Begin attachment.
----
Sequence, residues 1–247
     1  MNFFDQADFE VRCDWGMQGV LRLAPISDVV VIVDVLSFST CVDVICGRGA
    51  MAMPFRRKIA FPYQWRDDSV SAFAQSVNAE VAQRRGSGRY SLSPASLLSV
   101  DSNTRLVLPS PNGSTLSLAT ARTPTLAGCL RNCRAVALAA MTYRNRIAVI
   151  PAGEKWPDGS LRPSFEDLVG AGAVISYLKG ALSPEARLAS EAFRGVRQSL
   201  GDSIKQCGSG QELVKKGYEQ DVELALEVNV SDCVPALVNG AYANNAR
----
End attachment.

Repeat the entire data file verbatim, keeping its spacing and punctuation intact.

Sequence, residues 1–247
     1  MNFFDQADFE VRCDWGMQGV LRLAPISDVV VIVDVLSFST CVDVICGRGA
    51  MAMPFRRKIA FPYQWRDDSV SAFAQSVNAE VAQRRGSGRY SLSPASLLSV
   101  DSNTRLVLPS PNGSTLSLAT ARTPTLAGCL RNCRAVALAA MTYRNRIAVI
   151  PAGEKWPDGS LRPSFEDLVG AGAVISYLKG ALSPEARLAS EAFRGVRQSL
   201  GDSIKQCGSG QELVKKGYEQ DVELALEVNV SDCVPALVNG AYANNAR